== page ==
How Does Outdoor Christmas Lighting Work?

How Does Outdoor Christmas Lighting Work? image by

Power Protection

Outdoor Christmas lights work by plugging them into the home's existing electrical power source. Users need to be careful not to overload power sources by plugging too many watts of lights into one circuit. Lights used outdoors need to be designated for outdoor use. These lights are grounded and assembled specifically to endure inclement weather. The style, color, and amount of outdoor lights that are used in homes is up to the homeowners individual desires. Some put up massive lighted Christmas displays, and some opt for smaller more elegant tiny white lights.

Lighted Scenery

Huge plastic figurines from Santa Clauses to reindeer to jolly elves can be purchased to decorate holiday lawns and rooftops. These large creatures have light bulbs inside of them and when they are plugged in, they glow from the inside out.

Icicle Lights

These twinkling lights are meant to give the illusion of frozen icicles hanging from the rooftops. They are secured to the roof's edge or to the gutter system, all the way around the house. When they are lit up at night, they twinkle, or glow solid, thus resembling icicles. These used to be made in only white lights, but now they are available in various colors. The speed of the twinkle can be adjusted by turning a knob hooked into the light string.

Rope Lights

These fairly new comers have become an interesting way to light up for the holidays. These plastic ropes have LED lights inside of them and the entire rope glows. They come in solid color choices such as green, red, blue and white. These are used to edge porches and driveways. They also will attach end to end with a coupler for a continuous string.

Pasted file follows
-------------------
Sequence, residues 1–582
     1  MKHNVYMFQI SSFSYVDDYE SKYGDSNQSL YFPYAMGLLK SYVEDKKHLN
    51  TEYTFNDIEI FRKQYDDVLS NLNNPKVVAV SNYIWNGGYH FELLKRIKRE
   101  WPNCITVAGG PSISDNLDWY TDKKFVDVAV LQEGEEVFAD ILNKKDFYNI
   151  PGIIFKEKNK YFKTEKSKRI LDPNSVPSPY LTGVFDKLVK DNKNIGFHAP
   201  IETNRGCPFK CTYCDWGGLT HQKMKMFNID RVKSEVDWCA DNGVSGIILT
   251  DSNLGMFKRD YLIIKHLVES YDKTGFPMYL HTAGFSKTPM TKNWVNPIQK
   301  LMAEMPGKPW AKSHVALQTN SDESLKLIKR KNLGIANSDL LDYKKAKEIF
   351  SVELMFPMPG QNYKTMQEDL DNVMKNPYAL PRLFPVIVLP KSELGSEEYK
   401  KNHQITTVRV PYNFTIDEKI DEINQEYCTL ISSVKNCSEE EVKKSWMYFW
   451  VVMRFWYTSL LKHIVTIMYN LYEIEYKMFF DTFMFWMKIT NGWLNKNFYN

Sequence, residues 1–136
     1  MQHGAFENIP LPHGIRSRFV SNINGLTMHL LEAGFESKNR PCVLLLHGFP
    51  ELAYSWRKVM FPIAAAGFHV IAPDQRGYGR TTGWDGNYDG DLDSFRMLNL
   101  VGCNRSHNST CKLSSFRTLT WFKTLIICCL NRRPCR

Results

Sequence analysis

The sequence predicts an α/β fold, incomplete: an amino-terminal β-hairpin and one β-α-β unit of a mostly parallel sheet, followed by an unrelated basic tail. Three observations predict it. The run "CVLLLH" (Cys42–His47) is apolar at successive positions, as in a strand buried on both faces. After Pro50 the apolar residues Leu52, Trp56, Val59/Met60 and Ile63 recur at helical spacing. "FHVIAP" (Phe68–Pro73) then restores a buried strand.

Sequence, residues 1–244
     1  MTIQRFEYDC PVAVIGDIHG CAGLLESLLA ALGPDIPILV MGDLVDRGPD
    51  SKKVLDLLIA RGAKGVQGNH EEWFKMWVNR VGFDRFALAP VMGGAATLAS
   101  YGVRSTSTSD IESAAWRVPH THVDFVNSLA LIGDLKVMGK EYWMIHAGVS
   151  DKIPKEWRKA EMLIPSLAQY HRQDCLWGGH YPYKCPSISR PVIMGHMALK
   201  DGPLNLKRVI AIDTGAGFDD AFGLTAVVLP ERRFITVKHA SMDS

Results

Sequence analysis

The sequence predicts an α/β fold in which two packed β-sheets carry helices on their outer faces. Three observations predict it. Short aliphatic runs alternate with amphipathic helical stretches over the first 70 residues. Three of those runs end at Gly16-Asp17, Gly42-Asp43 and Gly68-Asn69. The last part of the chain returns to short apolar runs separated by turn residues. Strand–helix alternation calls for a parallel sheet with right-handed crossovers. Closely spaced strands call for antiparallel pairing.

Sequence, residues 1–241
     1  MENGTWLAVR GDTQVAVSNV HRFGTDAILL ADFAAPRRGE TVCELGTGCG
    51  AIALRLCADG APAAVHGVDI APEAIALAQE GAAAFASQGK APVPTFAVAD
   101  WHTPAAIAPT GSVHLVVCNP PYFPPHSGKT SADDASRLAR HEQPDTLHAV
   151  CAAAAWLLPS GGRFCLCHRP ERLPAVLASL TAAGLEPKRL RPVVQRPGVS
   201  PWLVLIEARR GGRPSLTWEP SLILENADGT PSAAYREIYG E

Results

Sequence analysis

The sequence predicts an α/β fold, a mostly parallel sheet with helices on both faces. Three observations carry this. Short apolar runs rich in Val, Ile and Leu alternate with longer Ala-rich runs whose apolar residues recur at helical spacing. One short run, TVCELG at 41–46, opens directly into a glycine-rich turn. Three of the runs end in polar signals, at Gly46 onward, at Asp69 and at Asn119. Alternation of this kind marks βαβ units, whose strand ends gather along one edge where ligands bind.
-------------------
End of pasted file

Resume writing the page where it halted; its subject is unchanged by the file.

Tiny Twinkle Lights

The tiny twinkling lights are a Christmas decorating favorite. These are very small lights and also can be plugged in end to end to have one continuous string. Many people use these for bushes, trees and around windows and doors.

Light Safety

One should never attempt to power more than 3 strings of lights from the same source. This may cause the wires to heat up, causing a fire hazard. All outdoor lights should be plugged into an outdoor circuit. If an extension cord is necessary to power the lights, it must be one that is designated safe for outdoor use. Check the UL label on all wires of lights before you put them outside to make sure they are designated for such use. If there is no label, do not use them outside.

About this Author

Donna Thacker has been a writer/photographer for over 15 years. She held the position of associate editor/writer/photographer at Biker Ally Magazine. She currently is a photojournalist for The Biking Life, and has been featured on the front page of The Greenville Advocate, The Hillsboro Journal and The Sorento News. Thacker also designed and published several booklets of historical interest for local organizations.

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